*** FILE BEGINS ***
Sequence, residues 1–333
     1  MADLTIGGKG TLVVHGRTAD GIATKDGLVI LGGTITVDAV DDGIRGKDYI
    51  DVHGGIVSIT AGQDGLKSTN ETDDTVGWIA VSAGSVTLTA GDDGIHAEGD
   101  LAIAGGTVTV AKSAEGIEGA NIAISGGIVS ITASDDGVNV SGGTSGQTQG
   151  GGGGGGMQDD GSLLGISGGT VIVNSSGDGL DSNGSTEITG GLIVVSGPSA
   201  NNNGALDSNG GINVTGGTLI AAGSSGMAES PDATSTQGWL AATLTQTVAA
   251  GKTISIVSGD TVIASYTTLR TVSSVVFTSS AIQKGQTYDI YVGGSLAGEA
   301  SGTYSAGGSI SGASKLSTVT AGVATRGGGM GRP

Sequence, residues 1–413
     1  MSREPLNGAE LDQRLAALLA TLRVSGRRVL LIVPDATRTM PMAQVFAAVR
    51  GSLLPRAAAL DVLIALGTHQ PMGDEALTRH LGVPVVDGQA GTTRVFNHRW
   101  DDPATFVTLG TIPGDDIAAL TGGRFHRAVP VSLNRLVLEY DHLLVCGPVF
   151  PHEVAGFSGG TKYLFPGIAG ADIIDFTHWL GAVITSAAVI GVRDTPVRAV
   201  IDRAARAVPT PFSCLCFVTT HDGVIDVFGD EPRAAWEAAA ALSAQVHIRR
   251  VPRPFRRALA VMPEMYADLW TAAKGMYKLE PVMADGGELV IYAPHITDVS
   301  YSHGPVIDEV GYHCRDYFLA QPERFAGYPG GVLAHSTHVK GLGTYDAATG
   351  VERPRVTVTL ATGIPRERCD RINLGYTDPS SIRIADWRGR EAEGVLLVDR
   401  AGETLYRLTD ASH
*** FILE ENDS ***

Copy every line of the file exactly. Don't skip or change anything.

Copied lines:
Sequence, residues 1–333
     1  MADLTIGGKG TLVVHGRTAD GIATKDGLVI LGGTITVDAV DDGIRGKDYI
    51  DVHGGIVSIT AGQDGLKSTN ETDDTVGWIA VSAGSVTLTA GDDGIHAEGD
   101  LAIAGGTVTV AKSAEGIEGA NIAISGGIVS ITASDDGVNV SGGTSGQTQG
   151  GGGGGGMQDD GSLLGISGGT VIVNSSGDGL DSNGSTEITG GLIVVSGPSA
   201  NNNGALDSNG GINVTGGTLI AAGSSGMAES PDATSTQGWL AATLTQTVAA
   251  GKTISIVSGD TVIASYTTLR TVSSVVFTSS AIQKGQTYDI YVGGSLAGEA
   301  SGTYSAGGSI SGASKLSTVT AGVATRGGGM GRP

Sequence, residues 1–413
     1  MSREPLNGAE LDQRLAALLA TLRVSGRRVL LIVPDATRTM PMAQVFAAVR
    51  GSLLPRAAAL DVLIALGTHQ PMGDEALTRH LGVPVVDGQA GTTRVFNHRW
   101  DDPATFVTLG TIPGDDIAAL TGGRFHRAVP VSLNRLVLEY DHLLVCGPVF
   151  PHEVAGFSGG TKYLFPGIAG ADIIDFTHWL GAVITSAAVI GVRDTPVRAV
   201  IDRAARAVPT PFSCLCFVTT HDGVIDVFGD EPRAAWEAAA ALSAQVHIRR
   251  VPRPFRRALA VMPEMYADLW TAAKGMYKLE PVMADGGELV IYAPHITDVS
   301  YSHGPVIDEV GYHCRDYFLA QPERFAGYPG GVLAHSTHVK GLGTYDAATG
   351  VERPRVTVTL ATGIPRERCD RINLGYTDPS SIRIADWRGR EAEGVLLVDR
   401  AGETLYRLTD ASH